The last 6 months of Culinary school have been pretty cushy. It’s demanding, physically hot, frantic, and frustrating at times on the line, but it is only school. It is not the real life, bustling, crazy busy, 12-16 hours day at a 4 or 5 star restaurant that I know I will work in someday. It’s a time for me to learn good food, really good ingredients, become food cost savvy, and explore my creativity, and I still love e v e r y minute of it.
A friend of mine, Carrie, passed this “Open Letter to a Culinary Student” on to me and I’d like to share it with all of you. To me, this is true inspiration, the reason I will not fail, and a big reason why I am in school; to learn the other half of the biz, the food! I know how to show up, be accountable, handle difficult tasks, and work hard, but until I am in a real kitchen for the first time I can only have an idea. Articles like this and advice from a real chef are little morsels of invaluable information, however common sense it may be, is still good to hear. I wish my fellow classmates to read this, and hope that they will take away something from it.
Open letter to a Culinary Student By Mark Mendez, Executive Chef, Carnivale, Chicago
I am angry, so forgive me if I rant. You gave notice after only two weeks on the job and then didn’t show up the next day and really screwed me. I know why you quit; it was hard work, harder than you thought it was going to be. The funny thing is, you worked an easy station and never even worked on a busy night, funny right? The sad thing is you don’t even know how hard it really is, or what it truly means to be a line cook. It’s not all your fault; they didn’t really prepare you for this in cooking school did they? They didn’t warn you that being a great chef requires first being a great cook. They didn’t tell you about the sacrifices you have to make, the hard work, the hours, the dedication, the commitment, the lack of sleep, the constant abuse of the sous chef, they didn’t warn you. You thought you would graduate from school and be like Thomas Keller in a couple years, that’s all it should take right? I know, I know, learning how to use you knife, make a great stock, or learning how to properly blanch vegetables is boring, it’s cooler to work sauté station or grill. I’m too old school anyway, no immersion circulators, no foams, no cutesy plates, no pacojet, boring really. Who wants to learn how to properly sharpen a knife or butcher a fish, so boring and tedious. Well I need to tell you a few things. One day, just maybe, you will be a chef somewhere. You will need to train and motivate the people who work for you, guide them, lead them, teach them, and inspire them. One day you will spend more time looking at a profit and loss statement than you do your station. You will miss prepping your station, making a sauce, butchering a piece of meat, even sharpening your knife. You will spend time in marketing meetings, staff meetings, partners meetings, vendor meetings, all kinds of meetings. You will spend more time in the front of house than you really want to; spend time outside of the kitchen promoting your restaurant, give interviews, agonize over food and labor costs, kiss your wife goodbye while she sleeps because you have to be at the restaurant early for some insane reason, and somewhere in there make sure you are serving tasty food. You will miss weddings, birthday parties, graduations, all kinds of things. You will alienate your friends and family because you don’t write or call enough. There are no sick days, personal days, breaks, this is not like a 9 to 5 job, get over it. Get ready for years of sacrifice, hard work, and stress. Learn as much as you can, read everything, ask questions, write things down, save your money and eat at other restaurants, show up to work early and offer to stay late, come to work on your day off just to learn how to make pastry or hone butcher skills. Taste everything you can, over and over, and ask the chef so many questions he gets annoyed.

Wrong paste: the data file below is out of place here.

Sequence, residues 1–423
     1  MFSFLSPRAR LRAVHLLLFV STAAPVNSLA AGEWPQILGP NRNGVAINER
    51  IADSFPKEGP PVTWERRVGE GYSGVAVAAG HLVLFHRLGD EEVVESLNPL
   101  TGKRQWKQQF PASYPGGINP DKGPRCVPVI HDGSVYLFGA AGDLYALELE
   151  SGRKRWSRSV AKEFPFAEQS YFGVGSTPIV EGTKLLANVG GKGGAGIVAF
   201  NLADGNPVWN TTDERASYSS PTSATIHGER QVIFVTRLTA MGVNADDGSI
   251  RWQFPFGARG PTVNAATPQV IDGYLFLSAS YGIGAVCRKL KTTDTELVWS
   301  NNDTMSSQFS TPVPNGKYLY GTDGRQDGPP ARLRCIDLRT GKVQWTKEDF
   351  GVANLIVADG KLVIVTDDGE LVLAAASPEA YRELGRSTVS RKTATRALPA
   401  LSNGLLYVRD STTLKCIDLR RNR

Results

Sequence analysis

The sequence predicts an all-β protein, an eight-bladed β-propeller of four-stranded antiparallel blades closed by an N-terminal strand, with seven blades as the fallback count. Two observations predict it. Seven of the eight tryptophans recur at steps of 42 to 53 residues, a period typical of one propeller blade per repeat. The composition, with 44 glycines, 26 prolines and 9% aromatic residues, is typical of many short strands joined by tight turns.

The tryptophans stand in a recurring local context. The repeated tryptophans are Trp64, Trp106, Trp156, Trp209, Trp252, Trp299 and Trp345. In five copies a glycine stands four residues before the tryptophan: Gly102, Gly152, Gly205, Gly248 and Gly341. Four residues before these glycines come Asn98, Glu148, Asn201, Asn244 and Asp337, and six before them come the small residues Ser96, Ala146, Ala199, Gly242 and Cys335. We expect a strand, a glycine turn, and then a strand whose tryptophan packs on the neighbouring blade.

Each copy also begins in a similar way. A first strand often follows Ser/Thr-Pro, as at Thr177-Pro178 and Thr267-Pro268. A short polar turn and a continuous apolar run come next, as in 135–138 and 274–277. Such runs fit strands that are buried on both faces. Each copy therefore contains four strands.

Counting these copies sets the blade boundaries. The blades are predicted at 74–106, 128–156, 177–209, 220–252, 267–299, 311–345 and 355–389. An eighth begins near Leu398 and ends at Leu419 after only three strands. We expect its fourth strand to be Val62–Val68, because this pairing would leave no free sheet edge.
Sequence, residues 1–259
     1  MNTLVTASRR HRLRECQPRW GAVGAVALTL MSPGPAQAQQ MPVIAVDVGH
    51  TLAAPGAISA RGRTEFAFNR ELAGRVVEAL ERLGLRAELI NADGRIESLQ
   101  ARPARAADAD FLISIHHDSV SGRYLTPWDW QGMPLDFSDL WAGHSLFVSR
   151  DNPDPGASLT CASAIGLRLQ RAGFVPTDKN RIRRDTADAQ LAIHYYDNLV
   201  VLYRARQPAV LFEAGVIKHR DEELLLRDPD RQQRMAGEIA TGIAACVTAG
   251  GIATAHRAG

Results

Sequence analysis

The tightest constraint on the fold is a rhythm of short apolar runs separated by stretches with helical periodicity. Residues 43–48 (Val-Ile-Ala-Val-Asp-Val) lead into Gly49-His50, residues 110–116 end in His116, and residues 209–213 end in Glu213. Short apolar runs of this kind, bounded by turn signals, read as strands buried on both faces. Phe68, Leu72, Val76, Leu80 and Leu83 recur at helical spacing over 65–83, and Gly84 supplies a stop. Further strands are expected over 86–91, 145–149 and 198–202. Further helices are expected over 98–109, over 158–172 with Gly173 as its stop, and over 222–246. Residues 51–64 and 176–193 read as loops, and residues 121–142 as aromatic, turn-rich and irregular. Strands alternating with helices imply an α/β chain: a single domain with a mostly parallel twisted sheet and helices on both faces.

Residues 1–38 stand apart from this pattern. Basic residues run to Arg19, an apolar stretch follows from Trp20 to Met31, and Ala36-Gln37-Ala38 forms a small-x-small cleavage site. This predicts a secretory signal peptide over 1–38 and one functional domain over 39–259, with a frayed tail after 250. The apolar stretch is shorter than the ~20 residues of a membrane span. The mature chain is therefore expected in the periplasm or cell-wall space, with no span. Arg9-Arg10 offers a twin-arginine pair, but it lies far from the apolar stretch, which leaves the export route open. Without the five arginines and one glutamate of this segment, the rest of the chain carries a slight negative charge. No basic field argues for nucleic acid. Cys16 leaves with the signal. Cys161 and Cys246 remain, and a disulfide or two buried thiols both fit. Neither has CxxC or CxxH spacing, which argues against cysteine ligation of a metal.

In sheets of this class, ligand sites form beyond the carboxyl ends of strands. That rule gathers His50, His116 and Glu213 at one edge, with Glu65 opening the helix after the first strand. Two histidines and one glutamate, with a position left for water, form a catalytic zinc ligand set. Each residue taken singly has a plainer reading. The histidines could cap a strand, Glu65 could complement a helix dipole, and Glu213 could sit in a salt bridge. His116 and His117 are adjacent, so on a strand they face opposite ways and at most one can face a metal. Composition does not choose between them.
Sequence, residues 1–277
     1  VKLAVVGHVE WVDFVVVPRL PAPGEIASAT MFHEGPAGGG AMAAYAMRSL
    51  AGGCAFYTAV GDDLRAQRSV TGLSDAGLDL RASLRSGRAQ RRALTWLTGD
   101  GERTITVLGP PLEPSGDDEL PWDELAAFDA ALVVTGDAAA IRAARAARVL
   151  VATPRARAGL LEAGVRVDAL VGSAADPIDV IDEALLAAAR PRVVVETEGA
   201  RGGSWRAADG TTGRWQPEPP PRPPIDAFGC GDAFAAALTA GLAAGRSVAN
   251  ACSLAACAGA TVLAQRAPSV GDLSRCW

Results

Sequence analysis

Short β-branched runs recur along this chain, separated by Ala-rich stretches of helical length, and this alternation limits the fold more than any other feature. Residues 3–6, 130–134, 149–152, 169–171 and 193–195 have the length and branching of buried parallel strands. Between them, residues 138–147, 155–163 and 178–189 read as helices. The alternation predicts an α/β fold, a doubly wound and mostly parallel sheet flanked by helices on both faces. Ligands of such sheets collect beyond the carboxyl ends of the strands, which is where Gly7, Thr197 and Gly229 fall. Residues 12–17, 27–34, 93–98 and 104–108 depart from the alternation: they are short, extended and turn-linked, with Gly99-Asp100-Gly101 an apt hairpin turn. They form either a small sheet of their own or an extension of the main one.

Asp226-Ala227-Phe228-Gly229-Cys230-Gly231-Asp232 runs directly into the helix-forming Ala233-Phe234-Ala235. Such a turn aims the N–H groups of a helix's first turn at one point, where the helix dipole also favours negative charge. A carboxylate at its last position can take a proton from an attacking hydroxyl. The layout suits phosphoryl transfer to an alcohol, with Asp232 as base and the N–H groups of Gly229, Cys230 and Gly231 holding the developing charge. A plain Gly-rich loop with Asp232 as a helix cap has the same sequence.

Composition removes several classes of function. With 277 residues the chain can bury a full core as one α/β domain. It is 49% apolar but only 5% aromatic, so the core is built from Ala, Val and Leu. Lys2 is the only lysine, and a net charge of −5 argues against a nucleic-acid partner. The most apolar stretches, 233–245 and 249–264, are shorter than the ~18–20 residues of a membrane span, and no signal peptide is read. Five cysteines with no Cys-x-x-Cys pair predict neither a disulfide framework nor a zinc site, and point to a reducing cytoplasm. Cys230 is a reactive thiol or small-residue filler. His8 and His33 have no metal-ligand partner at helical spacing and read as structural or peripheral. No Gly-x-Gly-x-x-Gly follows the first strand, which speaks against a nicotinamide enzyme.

Take care of yourself and sleep as much as you can and skip after work drug/liquor binging, so you wake up ready and on time. Travel and experience another culture eat their food and learn to speak their language. Learn to appreciate the time you have right now, enjoy the ride, the process, don’t be in a hurry to be a sous chef or make a lot of money, it’s not about that and it never will unless you are extremely talented and lucky. There is only one Ferran Adria or Thomas Keller, or Grant Achatz, and they all have worked extremely hard to get where they are and continue to do so. Enjoy all the bullshit that comes with this life, embrace it, learn to thrive on it. One day, when you are an executive chef or chef/owner, there will be an epiphany so powerful you will have to sit down. You will understand everything every chef or sous chef yelled at you, you will understand why we work why we do, you will understand why our profession is so wonderful, so unique, and it will hit you hard. I can’t tell when or where this will happen but I promise you it will if you work hard and keep your head down and do what your chef tells you. So keep this in mind when I give you a hard time and push you, criticize you and refuse that day off request. Maybe the next job you have you will suck it up instead of leaving them short a line cook on a busy night.
Thanks for reading, off to cook!